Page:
Obama proposes ban on paid prioritization on the Internet

Written by: 
Jared Roberts ~ Multimedia Journalist

The progression of technology has led BYU-Hawaii students to offer their insight on Obama’s new endorsement on net neutrality.

“The internet has changed our economy and the way we operate,” said Alex Milne, a sophomore from California studying business. “It’s the basis of most jobs and it connects everyone around the world.”

President Obama released a statement on the concept of net neutrality explaining that, “an open Internet is essential to the American economy, and increasingly to our very way of life,” according to USA Today.

Net neutrality is a term that was created by Columbia University professor, Tim Wu, and is a principle that Internet service providers and governments should treat all data on the Internet equally and not discriminate or charge differently by user or platform.

USA Today also stated that Obama asked the Federal Communications Commission to “create a new set of rules protecting net neutrality” and to make sure that data providers will not be “gatekeepers, restricting what you can do or see online.” The FCC has yet to make a full decision.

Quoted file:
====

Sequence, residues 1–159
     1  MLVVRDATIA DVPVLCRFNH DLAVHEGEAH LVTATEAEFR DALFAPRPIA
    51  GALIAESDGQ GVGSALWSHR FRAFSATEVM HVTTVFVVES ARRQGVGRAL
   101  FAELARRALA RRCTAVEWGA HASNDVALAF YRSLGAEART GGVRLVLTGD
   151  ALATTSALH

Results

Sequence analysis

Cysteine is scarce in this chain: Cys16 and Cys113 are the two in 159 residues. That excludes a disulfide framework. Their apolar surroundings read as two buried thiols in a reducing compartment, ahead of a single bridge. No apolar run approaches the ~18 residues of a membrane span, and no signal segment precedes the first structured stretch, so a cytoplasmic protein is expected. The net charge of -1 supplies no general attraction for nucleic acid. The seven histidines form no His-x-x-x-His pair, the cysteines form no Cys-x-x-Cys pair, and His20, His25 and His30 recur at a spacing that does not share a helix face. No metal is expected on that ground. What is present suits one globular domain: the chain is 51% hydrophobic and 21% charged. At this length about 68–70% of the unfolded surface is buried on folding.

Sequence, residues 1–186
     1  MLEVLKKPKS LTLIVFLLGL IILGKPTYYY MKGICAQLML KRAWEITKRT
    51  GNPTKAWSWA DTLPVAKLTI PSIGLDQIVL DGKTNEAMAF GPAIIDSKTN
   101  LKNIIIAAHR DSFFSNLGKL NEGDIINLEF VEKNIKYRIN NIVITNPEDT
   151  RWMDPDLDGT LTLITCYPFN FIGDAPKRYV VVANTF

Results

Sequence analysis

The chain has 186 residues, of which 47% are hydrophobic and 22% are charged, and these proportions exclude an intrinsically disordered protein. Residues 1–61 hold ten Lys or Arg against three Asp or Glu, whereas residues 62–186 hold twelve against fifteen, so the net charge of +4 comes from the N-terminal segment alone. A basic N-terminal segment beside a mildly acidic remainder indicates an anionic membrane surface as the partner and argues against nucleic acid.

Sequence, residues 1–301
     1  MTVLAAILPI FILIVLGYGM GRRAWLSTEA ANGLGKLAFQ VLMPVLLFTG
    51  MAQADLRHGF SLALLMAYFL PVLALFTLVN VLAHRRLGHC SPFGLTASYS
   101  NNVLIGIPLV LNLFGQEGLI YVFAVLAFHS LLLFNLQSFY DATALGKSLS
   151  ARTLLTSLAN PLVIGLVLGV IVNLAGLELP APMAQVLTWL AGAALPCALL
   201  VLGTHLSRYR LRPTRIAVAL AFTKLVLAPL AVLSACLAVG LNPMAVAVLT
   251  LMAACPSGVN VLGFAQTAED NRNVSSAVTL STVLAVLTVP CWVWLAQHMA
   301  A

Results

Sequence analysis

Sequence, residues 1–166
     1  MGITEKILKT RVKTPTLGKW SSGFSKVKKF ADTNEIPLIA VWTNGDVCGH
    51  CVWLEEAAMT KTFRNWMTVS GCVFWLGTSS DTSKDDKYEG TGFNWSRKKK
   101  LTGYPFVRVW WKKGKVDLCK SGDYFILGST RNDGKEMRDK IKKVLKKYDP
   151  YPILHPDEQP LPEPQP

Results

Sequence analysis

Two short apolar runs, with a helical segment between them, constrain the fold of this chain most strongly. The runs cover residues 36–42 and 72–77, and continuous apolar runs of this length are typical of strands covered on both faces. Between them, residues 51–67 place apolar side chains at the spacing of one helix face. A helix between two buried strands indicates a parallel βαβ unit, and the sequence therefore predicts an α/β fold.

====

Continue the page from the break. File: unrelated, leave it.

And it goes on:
“I think we are nearing the point where the Internet is almost a necessity for not only companies, but individuals themselves,” said Cassidy Manning, a sophomore from Nevada studying TESOL.

Obama pushed for an explicit ban on “paid prioritization,” which is an agreement where providers who use large amounts of content pay Internet companies for better and faster delivery. Companies such as Netflix, Amazon and YouTube are a few companies that fall under these high-traffic sites.

Companies like Verizon stated that the approach the FCC has had in place for the past two decades has been the key to the Internet’s success. They also stated that the new rules would invite “strong legal challenges,” according to CNN.

Additionally, companies say that the regulation will make network upgrades slower and possibly raise prices.

“I feel like the idea is really clear and cut,” said Ethan Secrist, a sophomore from Idaho studying ICS. “There’s always going to be pros and cons to any legal decision, but we won’t know for sure until we actually try.”

People in favor of net neutrality have stated that Obama’s statement gives political cover for the FCC to do the right thing, according to USA Today.

FCC Chairman Tom Wheeler said in an interview with CNN, “Like the President, I believe that the Internet must remain an open platform for free expression, we cannot allow broadband networks to cut special deals to prioritize Internet traffic and harm consumers, competition and innovation.”